Why advocate this system? If you oppose theft, you should oppose a system reliant on taxes. Taxation is theft, purely and simply. Not only should you oppose it because of it relies on theft, but also because everything provided by taxation can be provided more efficiently by voluntary organization.

Keep in mind that this is a very basic introduction. It was designed to give you a basic idea of how a society could function without taxation. It is by no means comprehensive. I take no credit for coming up with any of the ideas here. I tried to take important points from great works and put it into something digestible for a wide audience.

[1] Taxation is Theft: A Response to Criticisms http://wesker1982.wordpress.com/2012/04/16/taxation-is-theft/

[2] Why We Couldn’t Abolish Slavery Then and Can’t Abolish Government Now by Robert Higgs http://www.independent.org/newsroom/article.asp?id=2589

[3] The Cost Of Public Income Distribution and Private Charity by James Rolph Edwards http://mises.org/journals/jls/21_2/21_2_1.pdf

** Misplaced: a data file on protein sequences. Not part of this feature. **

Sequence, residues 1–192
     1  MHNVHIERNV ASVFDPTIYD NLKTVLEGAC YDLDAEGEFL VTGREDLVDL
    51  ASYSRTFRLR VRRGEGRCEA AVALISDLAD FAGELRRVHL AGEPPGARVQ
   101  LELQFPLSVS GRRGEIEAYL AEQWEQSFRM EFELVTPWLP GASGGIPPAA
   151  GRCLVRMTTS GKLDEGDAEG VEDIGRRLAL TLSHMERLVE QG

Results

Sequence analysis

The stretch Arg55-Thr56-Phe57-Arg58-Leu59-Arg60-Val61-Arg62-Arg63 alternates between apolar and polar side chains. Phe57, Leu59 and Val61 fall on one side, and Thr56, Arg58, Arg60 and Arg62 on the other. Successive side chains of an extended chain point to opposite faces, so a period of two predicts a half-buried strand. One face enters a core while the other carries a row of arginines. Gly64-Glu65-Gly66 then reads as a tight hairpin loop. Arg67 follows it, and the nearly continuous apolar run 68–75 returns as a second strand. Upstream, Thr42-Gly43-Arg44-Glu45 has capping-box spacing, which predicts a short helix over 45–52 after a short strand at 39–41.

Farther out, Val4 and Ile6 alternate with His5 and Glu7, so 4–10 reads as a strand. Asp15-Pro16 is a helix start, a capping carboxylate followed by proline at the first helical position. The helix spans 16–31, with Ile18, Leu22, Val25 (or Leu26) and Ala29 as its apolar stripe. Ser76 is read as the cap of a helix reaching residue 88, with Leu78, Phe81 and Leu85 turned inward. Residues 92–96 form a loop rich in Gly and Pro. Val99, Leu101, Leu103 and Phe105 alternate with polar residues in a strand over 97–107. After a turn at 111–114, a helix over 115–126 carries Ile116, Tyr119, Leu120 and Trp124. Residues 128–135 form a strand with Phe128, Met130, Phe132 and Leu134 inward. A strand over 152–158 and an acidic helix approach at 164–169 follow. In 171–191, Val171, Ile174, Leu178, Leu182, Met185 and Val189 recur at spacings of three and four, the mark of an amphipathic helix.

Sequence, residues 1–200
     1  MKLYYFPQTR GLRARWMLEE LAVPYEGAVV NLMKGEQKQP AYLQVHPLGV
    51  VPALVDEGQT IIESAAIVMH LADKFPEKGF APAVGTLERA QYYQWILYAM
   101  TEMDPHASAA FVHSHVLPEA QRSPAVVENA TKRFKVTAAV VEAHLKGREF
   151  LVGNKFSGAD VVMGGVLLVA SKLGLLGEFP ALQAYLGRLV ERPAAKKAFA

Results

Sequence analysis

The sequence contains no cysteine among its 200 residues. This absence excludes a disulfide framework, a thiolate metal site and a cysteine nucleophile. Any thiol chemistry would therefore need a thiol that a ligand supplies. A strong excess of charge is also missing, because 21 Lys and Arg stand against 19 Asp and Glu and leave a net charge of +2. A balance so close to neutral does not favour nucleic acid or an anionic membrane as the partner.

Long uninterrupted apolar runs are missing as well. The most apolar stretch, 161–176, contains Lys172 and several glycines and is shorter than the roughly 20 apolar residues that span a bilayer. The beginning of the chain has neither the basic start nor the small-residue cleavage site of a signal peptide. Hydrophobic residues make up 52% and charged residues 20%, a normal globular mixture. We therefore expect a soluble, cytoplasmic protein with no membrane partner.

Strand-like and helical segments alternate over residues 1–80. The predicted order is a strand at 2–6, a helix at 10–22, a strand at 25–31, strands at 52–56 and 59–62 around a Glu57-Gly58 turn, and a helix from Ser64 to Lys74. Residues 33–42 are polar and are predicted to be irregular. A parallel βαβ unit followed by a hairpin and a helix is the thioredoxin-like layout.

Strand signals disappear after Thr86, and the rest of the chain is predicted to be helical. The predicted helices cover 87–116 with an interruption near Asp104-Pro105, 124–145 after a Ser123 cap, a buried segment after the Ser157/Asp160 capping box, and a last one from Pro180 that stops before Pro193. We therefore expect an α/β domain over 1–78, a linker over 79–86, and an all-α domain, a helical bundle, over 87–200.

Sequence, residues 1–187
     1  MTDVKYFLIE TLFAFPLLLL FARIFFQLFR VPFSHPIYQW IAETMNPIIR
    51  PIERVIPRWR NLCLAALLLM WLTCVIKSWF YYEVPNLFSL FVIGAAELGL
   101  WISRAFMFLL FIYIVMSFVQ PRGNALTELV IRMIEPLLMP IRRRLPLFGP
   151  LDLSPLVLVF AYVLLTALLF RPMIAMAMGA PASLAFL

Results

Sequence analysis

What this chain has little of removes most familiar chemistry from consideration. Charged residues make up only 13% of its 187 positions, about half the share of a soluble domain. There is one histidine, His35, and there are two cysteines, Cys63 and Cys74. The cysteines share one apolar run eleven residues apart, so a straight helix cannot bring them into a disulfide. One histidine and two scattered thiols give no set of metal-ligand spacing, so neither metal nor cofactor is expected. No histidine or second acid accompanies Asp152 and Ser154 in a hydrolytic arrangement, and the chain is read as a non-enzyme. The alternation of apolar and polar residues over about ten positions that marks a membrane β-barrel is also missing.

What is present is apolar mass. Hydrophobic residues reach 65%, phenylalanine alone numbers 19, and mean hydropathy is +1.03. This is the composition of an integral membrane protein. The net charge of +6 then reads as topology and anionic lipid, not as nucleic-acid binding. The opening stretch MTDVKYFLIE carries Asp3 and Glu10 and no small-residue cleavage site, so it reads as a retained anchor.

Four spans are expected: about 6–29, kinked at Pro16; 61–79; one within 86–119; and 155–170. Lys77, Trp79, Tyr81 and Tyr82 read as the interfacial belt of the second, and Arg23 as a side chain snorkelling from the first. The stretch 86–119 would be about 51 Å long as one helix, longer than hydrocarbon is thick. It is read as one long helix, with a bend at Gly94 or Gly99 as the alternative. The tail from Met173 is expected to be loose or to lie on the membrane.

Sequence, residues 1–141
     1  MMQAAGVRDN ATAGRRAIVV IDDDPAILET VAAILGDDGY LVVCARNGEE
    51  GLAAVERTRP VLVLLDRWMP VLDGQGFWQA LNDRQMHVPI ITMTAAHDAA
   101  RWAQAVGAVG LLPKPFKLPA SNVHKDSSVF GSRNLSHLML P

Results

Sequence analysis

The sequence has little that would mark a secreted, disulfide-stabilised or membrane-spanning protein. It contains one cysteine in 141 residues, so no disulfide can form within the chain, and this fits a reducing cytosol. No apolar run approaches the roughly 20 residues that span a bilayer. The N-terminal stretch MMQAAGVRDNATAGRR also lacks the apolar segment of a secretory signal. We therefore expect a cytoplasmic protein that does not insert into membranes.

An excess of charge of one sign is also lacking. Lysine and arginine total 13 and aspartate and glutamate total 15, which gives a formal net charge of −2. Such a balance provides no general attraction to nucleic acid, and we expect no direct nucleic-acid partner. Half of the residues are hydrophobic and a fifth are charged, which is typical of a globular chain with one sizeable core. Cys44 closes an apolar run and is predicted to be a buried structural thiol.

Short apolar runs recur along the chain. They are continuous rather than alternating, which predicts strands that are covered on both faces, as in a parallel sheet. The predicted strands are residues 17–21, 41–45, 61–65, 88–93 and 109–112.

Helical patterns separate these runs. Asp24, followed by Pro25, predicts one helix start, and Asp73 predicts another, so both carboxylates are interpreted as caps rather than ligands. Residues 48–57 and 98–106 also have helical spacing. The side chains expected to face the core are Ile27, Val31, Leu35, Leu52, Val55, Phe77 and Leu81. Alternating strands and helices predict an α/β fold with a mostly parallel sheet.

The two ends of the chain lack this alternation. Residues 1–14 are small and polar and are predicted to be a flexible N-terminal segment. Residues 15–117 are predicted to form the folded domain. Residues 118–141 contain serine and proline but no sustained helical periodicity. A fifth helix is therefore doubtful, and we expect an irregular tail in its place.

For a great introduction video, see The Market For Security by Robert P. Murphy:   http://www.youtube.com/watch?v=V0_Jd_MzGCw

For more on common objections see:

What About Criminal Courts? Won’t The Rich Take Over? http://www.youtube.com/watch?v=Bqo7XMkbtEk

Won’t Gangs Battle Or The Rich Rule? http://www.youtube.com/watch?v=RpCy0gmWMCM

Wouldn’t Warlords Take Over? http://mises.org/daily/1855

What About Warring Defense Providers? http://www.youtube.com/watch?v=spVl493wZUU

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9 Responses to Law Without Taxation: Contract Law

  1. Amazing post, I really do love it. I was curious about how these services (specifically courts) would be provided in an AnCap society. The only thing in here that I am not 100% sure about is your statement that “People would be even more generous with charity if taxation were abolished.” I would argue that a large majority of charity is due to taxes. I don’t see a source on this, and so I’m curious why you say that people would likely donate more. Obviously, having more money allows them to have more disposable income, but would any of that really go to charity?

    • Thanks!